Studies also show that if you push yourself to be more talkative just your power posing your brain starts to believe you are. Pushing yourself out of your comfort zone can make you happier and have a big boost on your ability to socialise in the long run. If it helps remember the times you nailed a presentation or a conversation you took charge in, tell yourself you can do it and go for it. I still get nervous as hell when talking to big audiences, I sweat, I feel sick and yet I do it as the resulting outcomes, possibilities and introductions that I have generated have always been overwhelmingly positive.

Use the power of your body positioning – especially for networking

Everyone uses the same tricks when they are shy or don’t know what to say, darting for the coffee table in a networking room, classic avoidance. The closing off, looking away, fiddling with your phone all are dead giveaways. I think this tip to network more easily should be taught in school. If you enter a room of people talking and you know no one, approach the people in groups of threes’, never the pairs of people. In a three one person is always left out of eye contact with whatever conversation is happening, hence they are easily distracted and usually looking for a new conversation. Approach the person not as engaged in the three and there you have solved their and your problem.

Dress the part

A little retail therapy never hurt. Looking the part can help you feel the part and feel more comfortable in the mood of your surroundings. This also helps if you want to learn a skill. The Stroop test shows that if you want to learn something – dressing like someone that knows the skill helps you develop it yourself. More importantly I think if you are in need of confidence having your hair done does wonders for looking good and therefore feeling good and positive. I did this throughout the numerous meetings I had when I was selling the first company I had, always making some effort to look smart, calm, together whilst perhaps turmoil and terror bubbled below the surface.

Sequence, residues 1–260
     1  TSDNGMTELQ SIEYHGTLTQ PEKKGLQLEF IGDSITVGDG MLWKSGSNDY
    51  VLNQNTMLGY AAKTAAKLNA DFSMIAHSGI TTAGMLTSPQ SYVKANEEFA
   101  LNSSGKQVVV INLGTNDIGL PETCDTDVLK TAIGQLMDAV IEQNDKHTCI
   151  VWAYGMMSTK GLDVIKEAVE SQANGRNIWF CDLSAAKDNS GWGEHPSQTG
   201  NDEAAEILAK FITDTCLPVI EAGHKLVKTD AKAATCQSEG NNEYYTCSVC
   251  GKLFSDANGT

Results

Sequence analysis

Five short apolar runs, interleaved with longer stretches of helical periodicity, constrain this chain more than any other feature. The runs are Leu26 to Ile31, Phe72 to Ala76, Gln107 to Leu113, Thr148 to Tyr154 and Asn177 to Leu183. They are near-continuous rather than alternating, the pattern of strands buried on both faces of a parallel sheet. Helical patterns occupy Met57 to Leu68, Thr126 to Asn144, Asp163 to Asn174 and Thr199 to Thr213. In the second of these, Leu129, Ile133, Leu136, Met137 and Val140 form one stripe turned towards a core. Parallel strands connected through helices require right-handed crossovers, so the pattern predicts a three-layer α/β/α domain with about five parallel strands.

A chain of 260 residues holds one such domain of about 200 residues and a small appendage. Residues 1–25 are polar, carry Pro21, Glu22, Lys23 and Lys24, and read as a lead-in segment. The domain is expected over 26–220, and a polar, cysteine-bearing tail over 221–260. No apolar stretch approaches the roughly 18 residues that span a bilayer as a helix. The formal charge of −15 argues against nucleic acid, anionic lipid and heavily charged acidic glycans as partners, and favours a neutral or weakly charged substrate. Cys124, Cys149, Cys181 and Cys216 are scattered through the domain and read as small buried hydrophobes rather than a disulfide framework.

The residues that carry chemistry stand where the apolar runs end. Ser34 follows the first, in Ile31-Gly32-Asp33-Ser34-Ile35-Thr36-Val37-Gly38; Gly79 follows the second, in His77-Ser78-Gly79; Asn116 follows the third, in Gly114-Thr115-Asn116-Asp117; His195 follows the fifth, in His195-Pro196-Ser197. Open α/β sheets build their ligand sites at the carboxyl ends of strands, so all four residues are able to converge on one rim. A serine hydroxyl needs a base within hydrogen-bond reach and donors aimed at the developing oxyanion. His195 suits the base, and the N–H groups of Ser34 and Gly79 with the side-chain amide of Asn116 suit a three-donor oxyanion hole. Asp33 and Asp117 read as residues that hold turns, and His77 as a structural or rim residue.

Pose like you mean it – pose as in carry yourself well

This is a must. Shoulders back and open, chin up and perhaps I can still say chest out? (Look like you mean business.) Never aggressive, but assertive is fine. Not only will you give off a professional and confident vibe to others, it can also boost your own confidence. It’s known that faking a dominant behaviour actually makes your brain and mood follow. Politicians try this and sometimes look a little odd but actually it is a point in case of how individuals can position themselves to give a sense of grounding and control.

It is a competitive world. Not a world that is always fair. Free learnings like these, applied well and executed will help anyone achieve more.

The aim for fake it till you make it is to mentally push yourself till you no longer need to pretend (you’ve made it). I am not sure the need to be brave, bold and brassy goes away, I do though think the grey-haired experience I have now accumulated allows me a little more gravitas. What I am also certain of is the other important rule is never judge a book by its cover. Treat everyone equally and other people will ring joy to each day whether it is the taxi driver, the delivery person or a CEO, manners maketh man and together we make the world go around.

Lara MorganAbout the author

Lara Morgan, mother, entrepreneur, investor in wickedly cool life improving brands like Scentered.com, Gate8-luggage, KitBrix, Dryrobe and Global Amenities